Tuesday, August 5, 2008

White Out: Black Bloggers and the Democratic Convention


By Sikivu Hutchinson

When Barack Obama accepts the Democratic Party’s nomination for president at its convention in August he will do so in an atmosphere where precious few people that look like him have been invited to join the punditocracy. Although bloggers have been admitted to the Convention in record numbers, in typical plantation politics only a limited number of bloggers of color will be at the table. According to Frances Holland of the Afrosphere Coalition, black bloggers represent a mere 7.2% of those attending. So on the ground commentary about this historic moment will be largely confined to a select group of white bloggers. The media white out of black voices is not surprising given the cherry-picking of commentators of color on the pundit-driven evening talk shows. Though outlets like CNN and MSNBC have been prompted by the cache of the Obama candidacy to include more faces of color in their white palette, the general tenor of these voices, with few exceptions, is mainstream and corporatist. Even avowedly liberal leaning shows like MSNBC’s Countdown with Keith Olbermann stick to a quota of one East Coast black journalist a week to round out its critical commentary on the misdeeds of Bush and the reactionary right.

Indeed, the Obama candidacy has demonstrated the old adage that the more things change the more they stay the same, and that left/right labels have very little meaning when it comes to equitable inclusion of commentators of color. In 2005 Fairness and Accuracy in Reporting released its annual diversity in media survey which not surprisingly found that women of color were all but nonexistent in the TV punditocracy due to the preference for white women and men of color. Fast forward to 2008 and women of color are ghettoized to commentary on race-related themes pertaining to the election, only to vanish when the topic is foreign policy or the economy. Whatever the deficiencies of the blogosphere, it is one of the only mechanisms to chip away at the preserve of white male media supremacy in which a few anointed talking heads and issues framers are allowed to dominate cable, network and online news. Despite his rhetoric about the multicultural inclusiveness of American democracy, Obama has turned a blind eye to the very un-inclusive composition and framing of mainstream newscasts which rake in millions for their corporate sponsors.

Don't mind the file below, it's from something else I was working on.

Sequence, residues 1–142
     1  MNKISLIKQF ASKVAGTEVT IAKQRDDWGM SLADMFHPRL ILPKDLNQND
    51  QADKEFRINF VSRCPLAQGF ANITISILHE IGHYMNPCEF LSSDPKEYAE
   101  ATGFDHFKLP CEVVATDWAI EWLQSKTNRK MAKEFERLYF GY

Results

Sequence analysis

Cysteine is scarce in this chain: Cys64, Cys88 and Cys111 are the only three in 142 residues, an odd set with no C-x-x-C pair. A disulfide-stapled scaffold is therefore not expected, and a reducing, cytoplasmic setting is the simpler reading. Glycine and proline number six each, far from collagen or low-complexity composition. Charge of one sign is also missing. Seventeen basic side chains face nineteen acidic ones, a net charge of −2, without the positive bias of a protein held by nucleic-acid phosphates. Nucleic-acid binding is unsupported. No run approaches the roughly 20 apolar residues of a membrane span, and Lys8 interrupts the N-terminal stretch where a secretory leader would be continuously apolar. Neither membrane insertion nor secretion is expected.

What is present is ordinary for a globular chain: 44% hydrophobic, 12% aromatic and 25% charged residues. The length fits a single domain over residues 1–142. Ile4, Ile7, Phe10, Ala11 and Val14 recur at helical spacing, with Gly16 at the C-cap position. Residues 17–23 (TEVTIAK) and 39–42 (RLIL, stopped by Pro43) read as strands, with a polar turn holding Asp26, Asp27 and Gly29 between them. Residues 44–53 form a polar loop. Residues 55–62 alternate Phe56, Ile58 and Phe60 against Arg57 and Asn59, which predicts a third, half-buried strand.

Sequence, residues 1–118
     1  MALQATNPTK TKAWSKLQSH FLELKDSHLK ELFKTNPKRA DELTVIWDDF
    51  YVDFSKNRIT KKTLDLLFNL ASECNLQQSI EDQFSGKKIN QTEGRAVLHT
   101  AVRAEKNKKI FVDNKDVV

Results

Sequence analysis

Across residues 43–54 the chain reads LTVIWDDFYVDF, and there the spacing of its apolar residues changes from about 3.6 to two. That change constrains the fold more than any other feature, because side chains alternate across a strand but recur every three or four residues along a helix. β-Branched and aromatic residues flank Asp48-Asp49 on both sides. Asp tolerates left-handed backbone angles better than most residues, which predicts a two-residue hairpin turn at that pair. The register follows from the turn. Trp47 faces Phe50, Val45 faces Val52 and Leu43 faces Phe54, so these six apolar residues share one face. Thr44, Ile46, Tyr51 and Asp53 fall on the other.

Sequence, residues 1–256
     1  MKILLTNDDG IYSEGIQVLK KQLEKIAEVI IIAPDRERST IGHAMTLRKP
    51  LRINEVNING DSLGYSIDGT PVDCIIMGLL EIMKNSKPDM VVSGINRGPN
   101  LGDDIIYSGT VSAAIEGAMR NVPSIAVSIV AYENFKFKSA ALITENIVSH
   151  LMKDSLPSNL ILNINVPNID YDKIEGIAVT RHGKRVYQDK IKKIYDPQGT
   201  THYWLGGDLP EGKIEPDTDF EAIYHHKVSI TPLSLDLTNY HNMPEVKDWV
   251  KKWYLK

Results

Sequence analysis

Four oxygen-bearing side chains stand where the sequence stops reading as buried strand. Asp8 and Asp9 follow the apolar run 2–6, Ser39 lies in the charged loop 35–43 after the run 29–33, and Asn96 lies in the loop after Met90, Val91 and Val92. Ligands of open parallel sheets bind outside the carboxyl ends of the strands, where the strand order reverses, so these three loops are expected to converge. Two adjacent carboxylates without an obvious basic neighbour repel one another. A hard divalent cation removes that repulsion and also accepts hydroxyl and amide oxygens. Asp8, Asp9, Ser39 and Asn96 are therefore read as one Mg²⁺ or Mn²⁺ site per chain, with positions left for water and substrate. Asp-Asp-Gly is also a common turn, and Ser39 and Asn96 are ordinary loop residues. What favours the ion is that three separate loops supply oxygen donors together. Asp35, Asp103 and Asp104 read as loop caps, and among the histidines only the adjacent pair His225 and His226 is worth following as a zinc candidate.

So the white out at the Convention is yet another potent reminder that merely having a black face at the helm of the Party is no antidote to black media invisibility.
In fact, as the nation enters the Obama era the power to shape opinion on civil liberties and social justice will become even more crucial due to the perception that Negroes have been fully emancipated and that racial inequities are a thing of the past. The election of a black president will further embolden the anti-affirmative action and anti-equity propaganda of conservative media and public policy makers. Since his rout of Hillary Clinton, Obama’s problematic support of immunity for wiretapping under the FISA bill, his unqualified endorsement of Bush’s faith-based initiatives and his deafening silence on drug sentencing reform suggest that he is increasingly willing to bend and twist the legacy of the civil rights movement to pander to the center. While many black folks are already celebrating his victory as a salutary moment in history they would do well to heed the Democratic committee’s decision as a powerful reminder that the Head Negro in Charge syndrome is alive and well.



Sikivu Hutchinson is the editor of blackfemlens.org and a commentator for KPFK 90.7 FM